San Francisco Municipal Transportation Agency Howard Streetscape Improvement Project USDOT (2021) RAISE Grant Data Repository
This is the online document library for the San Francisco Municipal Transportation Agency (SFMTA) Howard Streetscape Improvement Project USDOT RAISE (2021) Grant Application.
The Howard Streetscape Project (Project) is a truly transformative project of regional significance that will improve the safety and efficiency of the City’s transportation system, reduce greenhouse gas (GHG) emissions, improve water quality and, critically, enhance mobility for the neighborhood’s high concentration of low-income residents who are most dependent upon transit, walking and bicycling.
San Francisco has the highest population density of any U.S. city outside of New York. The City’s population is expected to grow by more than 200,000 by 2040 and to accommodate this growth with the least impact on the environment, the City is strategically investing in improving the efficiency of its transit system and building infrastructure to support a growing demand for bicycle and pedestrian infrastructure.
Howard Street runs parallel to Folsom and Mission streets between South Van Ness Avenue and the Embarcadero Boulevard. It is just south of the main city artery, Market Street (with its BART and Muni Metro transit lines), and north of Interstate 80. The Project Area is one of the most diverse, dense, and continuously growing neighborhoods in San Francisco with a mix of residential and commercial uses. The neighborhood also includes one of the largest traffic generators in the City, the Moscone Convention Center. Moscone Center is the largest convention and exhibition complex in San Francisco, containing two million square feet of building space and drawing one million visitors per year.
The Project Area and the surrounding SoMa neighborhoods were originally comprised of light industrial uses and single room occupancies (SROs). Beginning in the 1990s, the area started to transition from a manufacturing hub to a commercial, entertainment, and residential center due to its proximity to downtown and regional transit.
The inadequacy of the existing walkways and bikeways and a street design that supports and prioritizes high vehicles volumes have resulted in two bicyclists and one pedestrian fatalities on the corridor between 2014 and 2019.
Existing traffic volumes on Howard Street are relatively high, reflecting its use as a major westbound arterial and the number of traffic generators along the corridor, including the Moscone Convention Center.
Historically, the condition and design of Howard Street prioritized high speeds and high volumes that produce sometimes dangerous walking and biking conditions for the neighborhood’s current needs. Howard Street is on San Francisco’s Vision Zero High Injury Network, where just 13 percent of San Francisco’s streets account for 75 percent of the City’s severe and fatal traffic collisions.
The Project will improve safety for all modes of transportation, enhance comfort for people walking and biking along the corridor and support growth in the neighborhood through four types of improvements: road diet, bicycle infrastructure, upgraded pedestrian infrastructure and curb management. Without the Project, these issues will continue, and the incoming influx of residents and visitors will exacerbate them.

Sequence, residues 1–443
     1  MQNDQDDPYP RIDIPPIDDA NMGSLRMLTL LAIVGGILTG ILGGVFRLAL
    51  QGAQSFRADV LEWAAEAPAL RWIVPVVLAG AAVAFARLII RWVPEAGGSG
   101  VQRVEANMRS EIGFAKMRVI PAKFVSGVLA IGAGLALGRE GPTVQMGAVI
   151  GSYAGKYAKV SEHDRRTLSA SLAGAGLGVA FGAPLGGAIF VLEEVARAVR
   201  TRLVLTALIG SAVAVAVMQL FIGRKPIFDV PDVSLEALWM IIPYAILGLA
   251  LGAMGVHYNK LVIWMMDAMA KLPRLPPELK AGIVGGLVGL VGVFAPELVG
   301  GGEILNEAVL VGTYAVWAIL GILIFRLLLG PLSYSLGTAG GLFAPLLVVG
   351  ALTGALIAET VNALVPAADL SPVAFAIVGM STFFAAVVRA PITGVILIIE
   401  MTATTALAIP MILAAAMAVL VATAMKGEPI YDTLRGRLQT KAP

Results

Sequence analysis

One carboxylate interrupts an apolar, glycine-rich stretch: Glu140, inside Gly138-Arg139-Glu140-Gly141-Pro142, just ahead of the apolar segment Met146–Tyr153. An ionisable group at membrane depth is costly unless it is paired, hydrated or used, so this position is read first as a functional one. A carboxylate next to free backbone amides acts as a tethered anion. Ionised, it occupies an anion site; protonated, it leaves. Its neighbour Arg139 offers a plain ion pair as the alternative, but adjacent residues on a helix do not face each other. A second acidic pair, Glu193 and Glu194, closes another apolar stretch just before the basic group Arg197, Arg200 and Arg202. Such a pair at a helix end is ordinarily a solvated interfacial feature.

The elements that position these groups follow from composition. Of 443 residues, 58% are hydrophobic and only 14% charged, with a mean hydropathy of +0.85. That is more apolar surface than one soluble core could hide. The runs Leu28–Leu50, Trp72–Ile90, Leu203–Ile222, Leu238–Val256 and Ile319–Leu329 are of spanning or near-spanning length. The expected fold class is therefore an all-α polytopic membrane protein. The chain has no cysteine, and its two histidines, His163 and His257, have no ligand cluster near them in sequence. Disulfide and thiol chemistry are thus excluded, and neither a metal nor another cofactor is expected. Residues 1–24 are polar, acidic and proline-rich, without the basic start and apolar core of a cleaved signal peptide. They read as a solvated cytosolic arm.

- Road Diet – Reducing Howard Street from three to two westbound travel lanes reduces vehicle speeds, collisions, as well as pedestrian crossing lengths and time.
- Bicycle Improvements – Establishing a seven-block two-way protected bicycle lane that responds to bicyclists’ demand for an eastbound connection. New separate bicycle signals will eliminate interactions between right-turning vehicles and bicyclists at intersections. Two-stage left turn areas, protected intersections, and new traffic signal phasing will reduce motor vehicle and bicycle conflicts. New concrete buffers will physically separate bicyclists from drivers increasing comfort for all users.
- Pedestrian Improvements – Raised crosswalks located at alleyways increases pedestrian visibility. Curb ramps provide access between the sidewalk and roadway, and traffic signals with pedestrian head starts, bulb-outs and no parking at intersections will improve pedestrian visibility and reduce crossing distances and times. New pedestrian-scaled streetlights, trees and landscaping will create a more inviting pedestrian environment.
- Curb Management – Reducing the amount of parking and placing commercial and passenger loading zones where they are most effective creates more space for bicycle corrals, bikeshare stations and vehicle turn pockets as well as reducing double-parking and congestion, common causes of collisions. ADA compliant passenger loading zones accommodate people using wheelchairs to access parked vehicles.
Local funds, including developer impact fees and SFMTA operating funds will leverage the SFMTA’s request for $15 million in FY 2021 RAISE discretionary grant funds to build the Project.
The detailed design phase will begin in early 2022 and contract bidding is expected to begin in June 2023 so that construction can begin by January 2024. This will enable funds awarded through a RAISE grant to be obligated before January 2024. The Project is expected to be completed in two years.
SFMTA Authorized Representation - Authorized Representative: Joel Goldberg, Manager, Programming and Grants
Related Links and Documents
The documents and related links below are included in the Howard Streetscape Project application narrative.